The following discussion takes a cultural and linguistic perspective on problems that exist in the conduct of business between individuals who have grown up under the Soviet system and those who have not; specifically Americans. We here consider how different cultural assumptions affect the perception of individuals from different groups regarding the "same" concepts. We concentrate on informal rules of behavior that affect how business is conducted "business ethics". Our central thesis are:
- That conflict between ethical systems need to be understood in terms of each groups underlying, subconscious beliefs.
- That effective business interaction requires that members of each cultural group acknowledge the underlying values of the other.
- That conscious effort must be made by both sides to define and detail the, ethical terms of their interaction since these are matters which usually operate subconsciously and yet affect the behaviors of all.
- That ultimately language contains these terms/concepts and thus much of the burden of communicating them must be born by those who translate and teach it.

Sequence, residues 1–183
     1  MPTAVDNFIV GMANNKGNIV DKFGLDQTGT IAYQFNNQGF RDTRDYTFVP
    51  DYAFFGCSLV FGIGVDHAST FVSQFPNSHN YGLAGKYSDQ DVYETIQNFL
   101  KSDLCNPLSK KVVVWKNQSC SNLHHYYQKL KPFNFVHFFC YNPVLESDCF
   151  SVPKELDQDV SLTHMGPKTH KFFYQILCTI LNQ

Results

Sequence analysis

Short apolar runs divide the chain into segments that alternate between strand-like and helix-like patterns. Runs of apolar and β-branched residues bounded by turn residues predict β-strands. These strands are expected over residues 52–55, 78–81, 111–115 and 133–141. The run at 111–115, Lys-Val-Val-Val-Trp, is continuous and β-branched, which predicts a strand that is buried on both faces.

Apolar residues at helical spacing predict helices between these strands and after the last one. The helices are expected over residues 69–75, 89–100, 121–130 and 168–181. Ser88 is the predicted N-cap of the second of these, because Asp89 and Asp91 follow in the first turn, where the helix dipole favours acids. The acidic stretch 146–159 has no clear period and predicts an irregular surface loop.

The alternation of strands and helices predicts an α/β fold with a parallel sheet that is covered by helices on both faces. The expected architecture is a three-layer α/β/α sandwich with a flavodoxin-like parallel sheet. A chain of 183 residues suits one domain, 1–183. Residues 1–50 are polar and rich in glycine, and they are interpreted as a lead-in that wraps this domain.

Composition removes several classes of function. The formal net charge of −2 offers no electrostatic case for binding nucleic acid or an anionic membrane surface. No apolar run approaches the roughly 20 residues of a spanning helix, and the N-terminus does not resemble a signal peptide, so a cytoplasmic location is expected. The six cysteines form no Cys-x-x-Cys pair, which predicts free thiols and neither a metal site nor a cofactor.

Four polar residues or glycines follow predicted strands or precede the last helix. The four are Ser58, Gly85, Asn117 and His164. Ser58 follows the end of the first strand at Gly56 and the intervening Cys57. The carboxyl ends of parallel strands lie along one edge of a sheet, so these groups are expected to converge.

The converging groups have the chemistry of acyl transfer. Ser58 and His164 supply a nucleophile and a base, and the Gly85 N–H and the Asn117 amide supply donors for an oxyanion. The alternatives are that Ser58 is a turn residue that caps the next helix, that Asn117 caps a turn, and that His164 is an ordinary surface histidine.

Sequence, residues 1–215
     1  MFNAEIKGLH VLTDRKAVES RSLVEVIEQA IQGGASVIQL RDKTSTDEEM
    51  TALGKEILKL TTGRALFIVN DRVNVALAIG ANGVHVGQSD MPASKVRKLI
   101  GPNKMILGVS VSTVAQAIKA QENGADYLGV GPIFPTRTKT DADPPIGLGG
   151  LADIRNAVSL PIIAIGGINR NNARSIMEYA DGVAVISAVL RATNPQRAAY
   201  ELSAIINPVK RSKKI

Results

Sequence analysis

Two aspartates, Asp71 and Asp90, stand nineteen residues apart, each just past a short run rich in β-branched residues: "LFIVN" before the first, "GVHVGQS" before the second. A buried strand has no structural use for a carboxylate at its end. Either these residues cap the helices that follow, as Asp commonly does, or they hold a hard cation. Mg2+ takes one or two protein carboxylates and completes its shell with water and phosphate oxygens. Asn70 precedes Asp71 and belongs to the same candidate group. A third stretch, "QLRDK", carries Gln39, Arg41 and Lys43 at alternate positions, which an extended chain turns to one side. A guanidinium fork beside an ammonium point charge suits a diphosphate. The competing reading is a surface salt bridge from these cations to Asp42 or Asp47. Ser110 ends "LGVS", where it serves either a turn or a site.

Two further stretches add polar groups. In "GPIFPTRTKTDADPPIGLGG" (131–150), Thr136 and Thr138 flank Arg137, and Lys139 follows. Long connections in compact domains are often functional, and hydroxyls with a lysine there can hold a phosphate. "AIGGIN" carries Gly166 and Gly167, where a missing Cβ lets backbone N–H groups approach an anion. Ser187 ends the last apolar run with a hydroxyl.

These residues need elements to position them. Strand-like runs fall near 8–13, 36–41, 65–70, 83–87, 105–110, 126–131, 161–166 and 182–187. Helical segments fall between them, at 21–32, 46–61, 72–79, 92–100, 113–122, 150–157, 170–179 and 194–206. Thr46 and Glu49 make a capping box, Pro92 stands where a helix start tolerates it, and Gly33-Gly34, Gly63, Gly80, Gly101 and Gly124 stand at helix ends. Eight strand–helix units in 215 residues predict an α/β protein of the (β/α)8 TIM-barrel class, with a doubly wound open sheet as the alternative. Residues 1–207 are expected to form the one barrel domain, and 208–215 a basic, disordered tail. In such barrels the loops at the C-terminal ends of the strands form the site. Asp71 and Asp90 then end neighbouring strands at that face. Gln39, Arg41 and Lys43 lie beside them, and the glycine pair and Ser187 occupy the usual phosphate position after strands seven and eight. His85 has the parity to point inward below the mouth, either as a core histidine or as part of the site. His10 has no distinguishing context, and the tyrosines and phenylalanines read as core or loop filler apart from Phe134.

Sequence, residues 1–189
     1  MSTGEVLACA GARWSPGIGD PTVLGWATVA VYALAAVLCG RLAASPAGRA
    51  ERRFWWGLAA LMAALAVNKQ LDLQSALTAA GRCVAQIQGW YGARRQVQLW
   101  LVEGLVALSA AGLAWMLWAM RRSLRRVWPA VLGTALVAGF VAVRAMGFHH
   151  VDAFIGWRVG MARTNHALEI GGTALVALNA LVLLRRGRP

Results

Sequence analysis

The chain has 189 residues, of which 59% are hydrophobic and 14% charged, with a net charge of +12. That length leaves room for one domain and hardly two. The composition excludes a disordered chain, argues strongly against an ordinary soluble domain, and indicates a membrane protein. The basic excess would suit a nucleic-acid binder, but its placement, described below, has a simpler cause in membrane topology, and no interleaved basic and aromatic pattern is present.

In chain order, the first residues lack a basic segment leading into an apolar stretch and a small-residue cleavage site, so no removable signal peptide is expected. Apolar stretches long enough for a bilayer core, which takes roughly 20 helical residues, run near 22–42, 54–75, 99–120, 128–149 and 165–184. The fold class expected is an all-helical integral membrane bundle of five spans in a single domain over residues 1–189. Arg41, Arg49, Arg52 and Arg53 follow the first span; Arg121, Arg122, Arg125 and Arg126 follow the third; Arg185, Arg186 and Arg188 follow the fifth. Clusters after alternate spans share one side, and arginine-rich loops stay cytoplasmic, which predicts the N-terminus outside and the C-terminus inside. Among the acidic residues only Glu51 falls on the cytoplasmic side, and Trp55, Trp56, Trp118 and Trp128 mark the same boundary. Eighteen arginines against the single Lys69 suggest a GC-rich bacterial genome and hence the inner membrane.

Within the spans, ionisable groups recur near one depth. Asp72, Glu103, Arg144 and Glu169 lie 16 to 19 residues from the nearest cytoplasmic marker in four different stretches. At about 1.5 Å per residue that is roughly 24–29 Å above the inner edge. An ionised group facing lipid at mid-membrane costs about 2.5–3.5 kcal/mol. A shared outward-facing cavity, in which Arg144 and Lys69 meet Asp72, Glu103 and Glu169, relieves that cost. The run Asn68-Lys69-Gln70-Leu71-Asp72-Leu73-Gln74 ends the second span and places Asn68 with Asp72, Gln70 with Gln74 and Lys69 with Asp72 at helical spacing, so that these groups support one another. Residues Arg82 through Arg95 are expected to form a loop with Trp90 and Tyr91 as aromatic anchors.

Of the many definitions of culture, we choose one used by the Cross Culture Link Corporation, of New York which describes Culture as "the beliefs, values and behaviors shared by a group of people as they approach problems and opportunities of life." With this definition, we can look upon the common behaviors of a "cultural group" as the manifestation of experience, both actual and vicarious, leading to beliefs, which in turn determine values. Out of the groups experience there is an implied sequence; first beliefs, then values, then behaviors. As behaviors are experienced, they confirm and perpetuate the cycle of beliefs and the values of the group.